A paralyzed man can now make a robotic arm do some smooth moves. Tiny silicon chips embedded in an action-planning part of his brain let the man control the arm easily and fluidly with his thoughts, scientists report in the May 22 Science.
“This is groundbreaking,” says neural engineer Bradley Greger of Arizona State University in Tempe. “It’s going into a new area of the brain and tapping into high-level thoughts.”
Researchers have previously tapped into the motor cortex, the brain region that tells muscles to move, to steer thought-controlled robotic limbs (SN: 6/16/12, p. 5). But years of researching a different region, the posterior parietal cortex, or PPC, convinced Caltech neuroscientist Richard Andersen to try something new.
The PPC, a strip of tissue about the size of a small cellphone, lies in the crumpled, outer sheet of the brain and helps plan out movements. “It occurred to us that this area would be an ideal source of control for prosthetics,” Andersen says.
So his team implanted two chips — each smaller than an eraser tip and carpeted with spikes, like little beds of nails — into the PPC of Erik Sorto, who is quadriplegic. The spikes nestle among his nerve cells and record the neural chatter that makes up Sorto’s thoughts. A computer then decodes the chatter and tells a robotic arm how to turn Sorto’s thoughts into actions.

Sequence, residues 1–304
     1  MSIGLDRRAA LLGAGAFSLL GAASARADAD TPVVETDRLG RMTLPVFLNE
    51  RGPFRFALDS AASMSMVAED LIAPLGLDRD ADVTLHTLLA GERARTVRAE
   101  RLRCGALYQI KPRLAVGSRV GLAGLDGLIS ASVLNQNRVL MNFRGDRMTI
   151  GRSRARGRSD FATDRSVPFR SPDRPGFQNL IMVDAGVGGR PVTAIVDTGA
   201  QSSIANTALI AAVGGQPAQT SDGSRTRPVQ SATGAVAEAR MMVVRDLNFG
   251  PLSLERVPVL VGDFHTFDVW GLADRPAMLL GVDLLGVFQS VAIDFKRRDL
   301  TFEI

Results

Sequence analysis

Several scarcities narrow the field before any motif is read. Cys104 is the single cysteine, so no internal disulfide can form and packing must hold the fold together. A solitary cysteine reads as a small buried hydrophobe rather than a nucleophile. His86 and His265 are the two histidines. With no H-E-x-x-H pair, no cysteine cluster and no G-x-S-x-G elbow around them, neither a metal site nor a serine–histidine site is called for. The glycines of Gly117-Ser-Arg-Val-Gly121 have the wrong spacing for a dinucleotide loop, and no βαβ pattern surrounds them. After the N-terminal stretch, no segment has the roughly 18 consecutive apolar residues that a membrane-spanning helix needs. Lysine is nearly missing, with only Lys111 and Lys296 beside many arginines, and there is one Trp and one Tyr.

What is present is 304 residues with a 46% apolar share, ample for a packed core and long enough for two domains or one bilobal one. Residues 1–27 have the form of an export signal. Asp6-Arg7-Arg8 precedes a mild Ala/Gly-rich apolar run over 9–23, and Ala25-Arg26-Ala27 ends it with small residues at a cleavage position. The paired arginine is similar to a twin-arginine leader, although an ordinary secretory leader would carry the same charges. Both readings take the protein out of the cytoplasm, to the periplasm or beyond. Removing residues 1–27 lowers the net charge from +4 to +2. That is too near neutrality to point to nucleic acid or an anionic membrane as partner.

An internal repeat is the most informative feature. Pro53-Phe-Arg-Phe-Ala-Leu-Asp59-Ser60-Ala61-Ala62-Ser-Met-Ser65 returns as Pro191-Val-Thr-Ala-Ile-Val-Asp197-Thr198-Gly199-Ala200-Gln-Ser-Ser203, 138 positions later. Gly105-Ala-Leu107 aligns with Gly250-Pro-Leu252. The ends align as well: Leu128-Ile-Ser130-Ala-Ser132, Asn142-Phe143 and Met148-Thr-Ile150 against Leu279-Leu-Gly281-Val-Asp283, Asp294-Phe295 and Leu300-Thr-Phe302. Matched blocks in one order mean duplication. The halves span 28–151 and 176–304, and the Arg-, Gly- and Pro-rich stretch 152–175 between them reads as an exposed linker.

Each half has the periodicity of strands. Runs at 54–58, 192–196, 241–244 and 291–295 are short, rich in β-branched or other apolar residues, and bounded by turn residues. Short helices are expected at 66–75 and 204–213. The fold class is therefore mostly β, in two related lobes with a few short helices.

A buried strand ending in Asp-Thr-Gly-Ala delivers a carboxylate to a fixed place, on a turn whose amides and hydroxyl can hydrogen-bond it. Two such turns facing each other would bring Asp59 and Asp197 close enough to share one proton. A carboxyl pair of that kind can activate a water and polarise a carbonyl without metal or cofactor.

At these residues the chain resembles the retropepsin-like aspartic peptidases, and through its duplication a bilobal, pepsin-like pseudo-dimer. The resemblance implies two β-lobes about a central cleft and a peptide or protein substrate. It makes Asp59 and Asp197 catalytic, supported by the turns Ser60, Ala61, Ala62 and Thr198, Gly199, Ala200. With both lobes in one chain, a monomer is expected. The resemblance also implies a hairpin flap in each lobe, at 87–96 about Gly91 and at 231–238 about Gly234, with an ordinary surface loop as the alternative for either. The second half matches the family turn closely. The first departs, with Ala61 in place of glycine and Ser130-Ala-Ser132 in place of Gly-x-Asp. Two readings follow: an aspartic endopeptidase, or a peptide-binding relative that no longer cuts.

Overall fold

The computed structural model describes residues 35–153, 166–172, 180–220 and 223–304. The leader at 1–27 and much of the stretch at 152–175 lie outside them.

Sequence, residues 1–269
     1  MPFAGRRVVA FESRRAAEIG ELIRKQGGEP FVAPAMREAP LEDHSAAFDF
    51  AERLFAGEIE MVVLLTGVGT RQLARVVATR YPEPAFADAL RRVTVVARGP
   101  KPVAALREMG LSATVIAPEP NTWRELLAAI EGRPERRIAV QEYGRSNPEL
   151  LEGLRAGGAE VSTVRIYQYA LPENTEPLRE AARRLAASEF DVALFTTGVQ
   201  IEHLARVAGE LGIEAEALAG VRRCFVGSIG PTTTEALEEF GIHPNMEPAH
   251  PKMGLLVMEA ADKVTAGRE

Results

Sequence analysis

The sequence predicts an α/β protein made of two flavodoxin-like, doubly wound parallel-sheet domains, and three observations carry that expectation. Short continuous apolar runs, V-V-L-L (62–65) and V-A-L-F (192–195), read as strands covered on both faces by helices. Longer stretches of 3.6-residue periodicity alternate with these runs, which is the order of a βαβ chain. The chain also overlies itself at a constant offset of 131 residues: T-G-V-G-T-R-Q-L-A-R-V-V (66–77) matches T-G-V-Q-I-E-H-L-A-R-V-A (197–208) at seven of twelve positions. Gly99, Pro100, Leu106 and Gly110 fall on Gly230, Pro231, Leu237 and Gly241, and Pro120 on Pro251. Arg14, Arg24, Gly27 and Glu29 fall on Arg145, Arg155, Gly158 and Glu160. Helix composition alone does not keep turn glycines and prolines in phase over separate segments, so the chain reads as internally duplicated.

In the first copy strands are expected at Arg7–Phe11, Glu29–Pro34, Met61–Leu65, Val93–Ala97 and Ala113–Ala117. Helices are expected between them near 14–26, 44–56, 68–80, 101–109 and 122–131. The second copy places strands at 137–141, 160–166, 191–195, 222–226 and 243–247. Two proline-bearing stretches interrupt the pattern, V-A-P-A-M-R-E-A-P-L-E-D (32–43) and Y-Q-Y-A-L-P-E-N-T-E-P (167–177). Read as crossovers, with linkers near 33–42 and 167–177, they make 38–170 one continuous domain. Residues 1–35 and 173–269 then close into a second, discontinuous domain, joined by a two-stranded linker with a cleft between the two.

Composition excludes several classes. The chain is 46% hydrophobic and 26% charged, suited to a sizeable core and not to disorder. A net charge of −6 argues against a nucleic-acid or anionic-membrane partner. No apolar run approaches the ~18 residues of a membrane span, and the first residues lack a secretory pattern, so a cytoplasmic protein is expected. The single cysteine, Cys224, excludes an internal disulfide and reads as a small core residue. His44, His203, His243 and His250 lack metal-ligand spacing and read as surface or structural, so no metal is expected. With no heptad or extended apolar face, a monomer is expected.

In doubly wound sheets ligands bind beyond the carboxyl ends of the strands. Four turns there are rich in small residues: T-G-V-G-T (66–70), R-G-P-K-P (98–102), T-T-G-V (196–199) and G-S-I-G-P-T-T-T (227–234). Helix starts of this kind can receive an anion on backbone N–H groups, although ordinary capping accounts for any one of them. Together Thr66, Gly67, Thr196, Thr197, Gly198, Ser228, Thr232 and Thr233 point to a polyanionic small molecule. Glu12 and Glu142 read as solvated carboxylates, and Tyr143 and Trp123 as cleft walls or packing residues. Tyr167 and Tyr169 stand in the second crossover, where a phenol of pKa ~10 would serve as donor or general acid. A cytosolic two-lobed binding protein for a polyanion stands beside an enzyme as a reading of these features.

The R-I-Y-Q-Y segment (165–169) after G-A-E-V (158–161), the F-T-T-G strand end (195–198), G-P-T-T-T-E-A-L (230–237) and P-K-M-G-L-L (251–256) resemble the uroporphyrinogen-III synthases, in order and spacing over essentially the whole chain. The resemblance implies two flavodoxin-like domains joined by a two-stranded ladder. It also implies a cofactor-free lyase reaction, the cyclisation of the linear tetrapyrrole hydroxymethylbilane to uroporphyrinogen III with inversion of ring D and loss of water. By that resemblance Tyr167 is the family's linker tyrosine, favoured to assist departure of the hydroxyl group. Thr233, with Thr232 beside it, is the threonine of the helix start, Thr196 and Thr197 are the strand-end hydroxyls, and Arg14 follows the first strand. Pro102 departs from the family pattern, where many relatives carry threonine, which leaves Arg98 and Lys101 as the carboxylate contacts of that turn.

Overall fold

With this device, Sorto was able to pick up a beer and bring it smoothly to his lips. The action looks effortless because he has to think only about what he wants to do — the machine figures out how to do it.
That’s how natural movement works, Greger says. “If I reach out to pick up my cellphone, I don’t have to think: Flex my elbow, extend my hand, open my fingers, close my fingers,” he says. “I just think, ‘I want my phone.’”
POWER OF THOUGHT Using two tiny brain implants and a robotic arm, Erik Sorto, whose arms and legs are paralyzed, can lift a beer bottle from a table and bring it smoothly to his mouth to take a sip. The implants rest in a brain region that plans out movements.
Images: Spencer Kellis, Christian Klaes/Caltech; Video: Caltech; produced by Ashley Yeager